Transformation

Choosing transformation over demolition

When renovating, building brand new is not always best
Wednesday, February 4, 2015
by Allison Holden-Pope

For many homeowners, when planning an addition, a bulldozer and a fresh start can seem like the only options to solve space issues. It can be difficult to see beyond the blinders created from living in a house, in a certain way, for many years.

But building brand new may not always be the right choice. Every year, demolition results in a massive amount of waste added to landfills, high energy consumption, as well as the release of hazardous and harmful materials. The extraction, manufacture, and transportation of new materials required for construction also have detrimental impacts on the environment. The principle of ‘reduce, reuse, and recycle’ should apply to housing, by building less area, and reusing or re-purposing some of what you’ve got.

Wish-list creatively

The wish-list must be identified in terms of uses instead of rooms. Not every activity requires a dedicated room, and listing them as such only results in over-built and under-used spaces. Functional planning incorporates flexibility through uses that can be combined at the same time, staged at different times of the day, or even through different furniture or millwork configurations. Through an in-depth investigation of how the homeowner wants to live now and in the future, innovative synergies can be discovered. When space is used efficiently and thoughtfully, it can bring a household closer together, both physically and through the activities that transpire within.

Sometimes the craziest idea is the best idea. Breaking free from standard layouts and existing configurations creates a blank slate which can reveal the full possibility within an existing house. In the Gathering House, a large renovation in Fort Langley, B.C., the homeowners wanted several large additions to create a kitchen and living space suitable for hosting their large family. Instead, the best solution was to remove several of the walls within the existing and choppy layout, thus combining multiple under-utilized rooms into one huge gathering space.

Work with what exists

When trying to preserve the shell of a home, a re-conception of existing forms results in the most successful transformations. A mid-century bungalow can easily be modernized through new siding or colours. A late century home with heritage details can be more of a challenge. Trying to force it to be something it is not, for example a contemporary cubist home, can fall short or be prohibitively expensive. For example, the Gathering House was originally built in the 90s and had the rooflines and a few of the details one would expect with a craftsman home, but lacked character. By repainting with a mono-chromatic cool grey palette and adding warm hints of wood accents in soffits, modern outdoor screen elements, and localized bands of new siding, the home was transformed with a modern Scandinavian inspired simplicity.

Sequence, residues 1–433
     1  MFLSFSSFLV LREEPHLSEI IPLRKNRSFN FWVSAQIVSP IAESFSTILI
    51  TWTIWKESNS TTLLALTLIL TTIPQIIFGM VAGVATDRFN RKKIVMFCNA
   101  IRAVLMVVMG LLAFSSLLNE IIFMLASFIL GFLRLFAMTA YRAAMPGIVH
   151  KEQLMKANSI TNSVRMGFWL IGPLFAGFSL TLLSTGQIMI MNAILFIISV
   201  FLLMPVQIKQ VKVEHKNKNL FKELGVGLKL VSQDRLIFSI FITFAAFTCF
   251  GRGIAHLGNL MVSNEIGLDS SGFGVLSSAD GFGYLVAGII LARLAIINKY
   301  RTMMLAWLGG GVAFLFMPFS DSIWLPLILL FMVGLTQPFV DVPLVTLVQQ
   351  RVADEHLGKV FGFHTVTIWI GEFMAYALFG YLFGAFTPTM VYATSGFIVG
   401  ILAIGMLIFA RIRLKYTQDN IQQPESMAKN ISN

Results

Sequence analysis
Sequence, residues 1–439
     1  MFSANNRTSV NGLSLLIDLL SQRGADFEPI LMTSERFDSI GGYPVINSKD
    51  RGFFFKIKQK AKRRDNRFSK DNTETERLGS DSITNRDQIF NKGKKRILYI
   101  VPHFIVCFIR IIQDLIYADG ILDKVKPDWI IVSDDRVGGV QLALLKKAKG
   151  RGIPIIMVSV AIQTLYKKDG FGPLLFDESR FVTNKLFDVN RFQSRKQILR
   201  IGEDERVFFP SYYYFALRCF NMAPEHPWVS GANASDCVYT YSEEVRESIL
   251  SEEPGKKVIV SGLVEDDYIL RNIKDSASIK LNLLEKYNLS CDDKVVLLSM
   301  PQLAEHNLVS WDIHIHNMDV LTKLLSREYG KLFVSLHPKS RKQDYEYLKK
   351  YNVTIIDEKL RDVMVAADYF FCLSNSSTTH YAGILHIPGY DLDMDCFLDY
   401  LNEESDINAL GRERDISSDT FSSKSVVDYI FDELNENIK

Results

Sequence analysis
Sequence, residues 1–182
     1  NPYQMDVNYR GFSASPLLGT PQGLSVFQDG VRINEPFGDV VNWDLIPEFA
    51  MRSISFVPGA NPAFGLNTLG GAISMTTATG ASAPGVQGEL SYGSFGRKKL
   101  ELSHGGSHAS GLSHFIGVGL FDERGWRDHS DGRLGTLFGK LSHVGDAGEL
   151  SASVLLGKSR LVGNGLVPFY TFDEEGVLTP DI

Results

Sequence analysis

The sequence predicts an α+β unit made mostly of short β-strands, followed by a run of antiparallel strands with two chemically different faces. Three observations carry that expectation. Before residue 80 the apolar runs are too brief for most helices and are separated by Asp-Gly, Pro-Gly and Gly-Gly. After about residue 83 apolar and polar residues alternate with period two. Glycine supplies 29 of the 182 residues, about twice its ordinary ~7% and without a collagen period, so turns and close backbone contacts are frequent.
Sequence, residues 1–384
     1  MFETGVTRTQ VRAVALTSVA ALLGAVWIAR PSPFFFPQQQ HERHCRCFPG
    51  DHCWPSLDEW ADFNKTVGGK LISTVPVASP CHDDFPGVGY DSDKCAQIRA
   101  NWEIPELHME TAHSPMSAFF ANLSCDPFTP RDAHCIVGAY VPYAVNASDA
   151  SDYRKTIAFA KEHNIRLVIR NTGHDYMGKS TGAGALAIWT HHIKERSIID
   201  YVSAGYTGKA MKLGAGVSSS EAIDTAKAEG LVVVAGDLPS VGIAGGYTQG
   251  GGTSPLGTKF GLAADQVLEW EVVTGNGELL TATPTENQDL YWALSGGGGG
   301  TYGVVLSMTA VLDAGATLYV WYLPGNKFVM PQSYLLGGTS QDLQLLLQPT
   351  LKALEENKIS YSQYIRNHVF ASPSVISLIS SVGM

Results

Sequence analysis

Have fun with some dramatic changes

Renovating can provide room in the budget for a few breathtaking alterations that would not otherwise be possible. Designing these ‘big bang’ spaces provides an opportunity to let one’s hair down and think outside the box. A thoughtful choice of locations will allow the theatricality to be enjoyed frequently and to enhance a meaningful aspect of the homeowner’s daily life.

A straightforward conversation about what makes the owners happy can provide the clues as to where to invest the square footage and beauty. For the Gathering House, it was the simple act of making coffee or tea in the morning and having a glass of wine in the evening. This was celebrated with a beverage area which flowed from and extended the kitchen aesthetic, while providing a dedicated space for a cappuccino machine, wine fridge, dishwasher, prep sink, hot water tap for tea, and convenient storage for cups, glasses, and related accessories. The space is framed by a floor to ceiling glass wall and door which open on to an outdoor covered living space with lounge furniture and a fireplace.

As each house and site is unique, an investigation of random spaces or missed opportunities can provide inspiration. A random detail of the existing home, a single area of vaulted ceiling at a dormer for example, can be given weight by carrying it elsewhere and vaulting adjacent ceilings, or can be accented by exposing structural beams or providing dramatic up-lighting. A neglected side garden can be tied into the home with a carefully placed window to capture a view.

When renovating a home, every space and every use provide the opportunity to create better functionality, more flexibility, and visually captivating spaces.

Allison Holden-Pope, Architect AIBC, is founder and principal of One SEED Architecture + Interiors, an award-winning boutique architecture firm based in Vancouver, B.C., specializing in modern and sustainable design. She is a LEED Accredited Professional (BD+C), as well as a CanPHI Trained Passive House Design Professional.

 

 

 

Leave a Reply

Your email address will not be published. Required fields are marked *